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"And that is?"
"That in no possible way could Mrs. Inglethorp's death benefit Miss Howard. Now there is no murder without a motive."
"Could not Mrs. Inglethorp have made a will in her favour?" Poirot shook his head.
"But you yourself suggested that possibility to Mr. Wells?"
"That was for a reason. I did not want to mention the name of the person who was actually in my mind. Miss Howard occupied very much the same position, so I used her name instead."
"Still, Mrs. Inglethorp might have done so. Why, that will, made on the afternoon of her death may----"
But Poirot's shake of the head was so energetic that I stopped.
"No, my friend. I have certain little ideas of my own about that will. But I can tell you this much--it was not in Miss Howard's favour."
I accepted his assurance, though I did not really see how he could be so positive about the matter.
"Well," I said, with a sigh, "we will acquit Miss Howard, then. It is partly your fault that I ever came to suspect her. It was what you said about her evidence at the inquest that set me off."
Poirot looked puzzled.
"What did I say about her evidence at the inquest?"
"Don't you remember? When I cited her and John Cavendish as being above suspicion?"
"Oh--ah--yes." He seemed a little confused, but recovered himself. "By the way, Hastings, there is something I want you to do for me."
"Certainly. What is it?"
"Next time you happen to be alone with Lawrence Cavendish, I want you to say this to him. 'I have a message for you, from Poirot. He says: "Find the extra coffee-cup, and you can rest in peace!" ' Nothing more. Nothing less."
" 'Find the extra coffee-cup, and you can rest in peace.' Is that right?" I asked, much mystified.
"But what does it mean?"
"Ah, that I will leave you to find out. You have access to the facts. Just say that to him, and see what he says."
"Very well--but it's all extremely mysterious."
We were running into Tadminster now, and Poirot directed the car to the "Analytical Chemist."
Poirot hopped down briskly, and went inside. In a few minutes he was back again.
"There," he said. "That is all my business."
"What were you doing there?" I asked, in lively curiosity.
"I left something to be analysed."
"Yes, but what?"
"The sample of coco I took from the saucepan in the bedroom."
"But that has already been tested!" I cried, stupefied. "Dr. Bauerstein had it tested, and you yourself laughed at the possibility of there being strychnine in it."
"I know Dr. Bauerstein had it tested," replied Poirot quietly.
"Well, I have a fancy for having it analysed again, that is all."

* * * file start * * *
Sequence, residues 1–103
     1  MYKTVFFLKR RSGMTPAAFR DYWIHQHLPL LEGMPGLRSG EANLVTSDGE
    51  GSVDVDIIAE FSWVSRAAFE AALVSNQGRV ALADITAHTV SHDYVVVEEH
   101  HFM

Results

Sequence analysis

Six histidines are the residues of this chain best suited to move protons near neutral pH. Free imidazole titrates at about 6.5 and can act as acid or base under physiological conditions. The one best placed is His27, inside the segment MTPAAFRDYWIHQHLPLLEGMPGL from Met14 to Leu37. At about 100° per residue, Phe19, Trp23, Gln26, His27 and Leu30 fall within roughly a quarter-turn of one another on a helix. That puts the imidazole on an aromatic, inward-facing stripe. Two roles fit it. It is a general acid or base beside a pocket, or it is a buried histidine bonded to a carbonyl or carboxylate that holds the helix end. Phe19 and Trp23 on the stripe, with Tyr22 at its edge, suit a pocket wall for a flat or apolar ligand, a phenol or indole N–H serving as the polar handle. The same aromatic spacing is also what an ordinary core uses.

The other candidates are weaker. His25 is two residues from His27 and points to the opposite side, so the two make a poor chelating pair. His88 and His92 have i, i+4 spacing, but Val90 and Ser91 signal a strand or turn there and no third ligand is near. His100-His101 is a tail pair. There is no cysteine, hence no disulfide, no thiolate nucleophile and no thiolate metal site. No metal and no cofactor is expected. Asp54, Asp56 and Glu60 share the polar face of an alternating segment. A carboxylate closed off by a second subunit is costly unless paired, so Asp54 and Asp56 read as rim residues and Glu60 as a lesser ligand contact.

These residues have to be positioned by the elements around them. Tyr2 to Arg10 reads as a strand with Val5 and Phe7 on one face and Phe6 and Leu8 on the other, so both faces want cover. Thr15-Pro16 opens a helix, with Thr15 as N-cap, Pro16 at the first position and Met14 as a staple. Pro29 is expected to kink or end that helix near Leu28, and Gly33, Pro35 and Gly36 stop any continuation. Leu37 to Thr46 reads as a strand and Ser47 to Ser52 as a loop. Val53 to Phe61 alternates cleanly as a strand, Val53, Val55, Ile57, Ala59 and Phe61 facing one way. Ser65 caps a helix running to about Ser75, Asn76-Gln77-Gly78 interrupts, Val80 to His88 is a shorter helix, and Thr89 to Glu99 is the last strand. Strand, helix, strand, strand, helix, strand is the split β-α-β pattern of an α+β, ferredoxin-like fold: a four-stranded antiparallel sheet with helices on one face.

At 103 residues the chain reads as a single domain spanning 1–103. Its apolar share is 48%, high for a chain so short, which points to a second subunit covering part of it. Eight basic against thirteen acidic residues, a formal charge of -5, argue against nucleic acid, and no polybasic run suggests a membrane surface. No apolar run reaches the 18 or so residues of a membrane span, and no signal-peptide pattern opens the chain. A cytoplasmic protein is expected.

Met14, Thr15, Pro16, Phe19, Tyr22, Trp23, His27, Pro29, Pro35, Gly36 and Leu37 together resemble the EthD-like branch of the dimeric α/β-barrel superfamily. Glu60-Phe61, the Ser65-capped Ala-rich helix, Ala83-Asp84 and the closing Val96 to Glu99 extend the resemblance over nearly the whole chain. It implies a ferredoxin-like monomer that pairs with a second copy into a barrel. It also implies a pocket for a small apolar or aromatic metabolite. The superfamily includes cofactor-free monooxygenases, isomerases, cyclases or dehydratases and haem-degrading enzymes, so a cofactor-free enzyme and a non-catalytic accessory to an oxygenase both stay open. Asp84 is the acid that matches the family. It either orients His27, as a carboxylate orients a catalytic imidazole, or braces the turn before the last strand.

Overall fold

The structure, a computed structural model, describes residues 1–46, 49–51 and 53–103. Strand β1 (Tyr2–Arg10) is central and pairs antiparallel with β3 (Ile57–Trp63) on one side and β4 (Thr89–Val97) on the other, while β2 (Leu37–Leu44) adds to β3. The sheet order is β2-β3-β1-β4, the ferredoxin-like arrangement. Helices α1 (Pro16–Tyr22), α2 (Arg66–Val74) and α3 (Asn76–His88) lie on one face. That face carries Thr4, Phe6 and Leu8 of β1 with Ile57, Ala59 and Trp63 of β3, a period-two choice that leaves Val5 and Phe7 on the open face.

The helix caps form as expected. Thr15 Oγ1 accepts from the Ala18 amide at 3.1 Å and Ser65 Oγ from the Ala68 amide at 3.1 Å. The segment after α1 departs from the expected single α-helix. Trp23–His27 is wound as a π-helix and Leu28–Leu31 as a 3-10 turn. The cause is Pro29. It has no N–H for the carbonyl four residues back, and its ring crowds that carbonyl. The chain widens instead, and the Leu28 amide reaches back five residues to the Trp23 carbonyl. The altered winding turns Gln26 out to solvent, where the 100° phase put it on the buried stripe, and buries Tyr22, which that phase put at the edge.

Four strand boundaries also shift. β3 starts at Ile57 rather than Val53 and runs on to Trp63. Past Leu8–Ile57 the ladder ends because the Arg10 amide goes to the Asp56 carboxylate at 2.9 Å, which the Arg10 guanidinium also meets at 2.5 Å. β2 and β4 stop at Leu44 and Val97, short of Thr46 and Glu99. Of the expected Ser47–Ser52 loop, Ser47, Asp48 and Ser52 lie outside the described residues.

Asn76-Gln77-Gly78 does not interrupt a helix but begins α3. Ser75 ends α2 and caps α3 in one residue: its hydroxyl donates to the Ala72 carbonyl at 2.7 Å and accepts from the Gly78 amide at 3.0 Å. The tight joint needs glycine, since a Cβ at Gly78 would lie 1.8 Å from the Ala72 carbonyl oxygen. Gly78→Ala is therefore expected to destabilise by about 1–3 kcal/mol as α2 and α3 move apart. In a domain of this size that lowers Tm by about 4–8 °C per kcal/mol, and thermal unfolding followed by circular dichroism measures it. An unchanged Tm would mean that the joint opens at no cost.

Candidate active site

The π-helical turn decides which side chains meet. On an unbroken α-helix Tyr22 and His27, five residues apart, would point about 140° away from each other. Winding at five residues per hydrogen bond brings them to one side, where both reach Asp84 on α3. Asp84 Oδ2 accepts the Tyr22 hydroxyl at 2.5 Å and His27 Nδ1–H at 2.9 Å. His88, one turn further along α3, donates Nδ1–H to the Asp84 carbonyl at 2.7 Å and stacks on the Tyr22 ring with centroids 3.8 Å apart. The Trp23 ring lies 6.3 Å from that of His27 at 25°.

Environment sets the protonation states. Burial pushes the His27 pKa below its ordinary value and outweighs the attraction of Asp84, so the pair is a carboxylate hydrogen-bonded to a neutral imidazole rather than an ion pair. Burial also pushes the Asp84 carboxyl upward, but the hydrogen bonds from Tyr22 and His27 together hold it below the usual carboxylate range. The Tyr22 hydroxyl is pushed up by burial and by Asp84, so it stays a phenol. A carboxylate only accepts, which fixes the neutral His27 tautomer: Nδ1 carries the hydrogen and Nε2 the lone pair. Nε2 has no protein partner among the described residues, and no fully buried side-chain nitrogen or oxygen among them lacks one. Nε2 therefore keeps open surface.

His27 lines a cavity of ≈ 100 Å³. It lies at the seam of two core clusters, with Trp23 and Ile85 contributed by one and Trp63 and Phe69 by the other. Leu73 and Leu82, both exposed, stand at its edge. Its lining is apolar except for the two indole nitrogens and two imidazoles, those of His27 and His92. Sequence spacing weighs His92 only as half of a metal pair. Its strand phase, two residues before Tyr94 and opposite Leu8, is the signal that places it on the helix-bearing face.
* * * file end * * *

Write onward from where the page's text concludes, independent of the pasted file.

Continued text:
And not another word on the subject could I drag out of him.
This proceeding of Poirot's, in respect of the coco, puzzled me intensely. I could see neither rhyme nor reason in it. However, my confidence in him, which at one time had rather waned, was fully restored since his belief in Alfred Inglethorp's innocence had been so triumphantly vindicated.
The funeral of Mrs. Inglethorp took place the following day, and on Monday, as I came down to a late breakfast, John drew me aside, and informed me that Mr. Inglethorp was leaving that morning, to take up his quarters at the Stylites Arms until he should have completed his plans.
"And really it's a great relief to think he's going, Hastings," continued my honest friend. "It was bad enough before, when we thought he'd done it, but I'm hanged if it isn't worse now, when we all feel guilty for having been so down on the fellow. The fact is, we've treated him abominably. Of course, things did look black against him. I don't see how anyone could blame us for jumping to the conclusions we did. Still, there it is, we were in the wrong, and now there's a beastly feeling that one ought to make amends; which is difficult, when one doesn't like the fellow a bit better than one did before. The whole thing's damned awkward! And I'm thankful he's had the tact to take himself off. It's a good thing Styles wasn't the mater's to leave to him. Couldn't bear to think of the fellow fording it here. He's welcome to her money."
"You'll be able to keep up the place all right?" I asked.
"Oh, yes. There are the death duties, of course, but half my father's money goes with the place, and Lawrence will stay with us for the present, so there is his share as well. We shall be pinched at first, of course, because, as I once told you, I am in a bit of a hole financially myself. Still, the Johnnies will wait now."
In the general relief at Inglethorp's approaching departure, we had the most genial breakfast we had experienced since the tragedy. Cynthia, whose young spirits were naturally buoyant, was looking quite her pretty self again, and we all, with the exception of Lawrence, who seemed unalterably gloomy and nervous, were quietly cheerful, at the opening of a new and hopeful future.
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The Mysterious Affair at Styles -- by Christie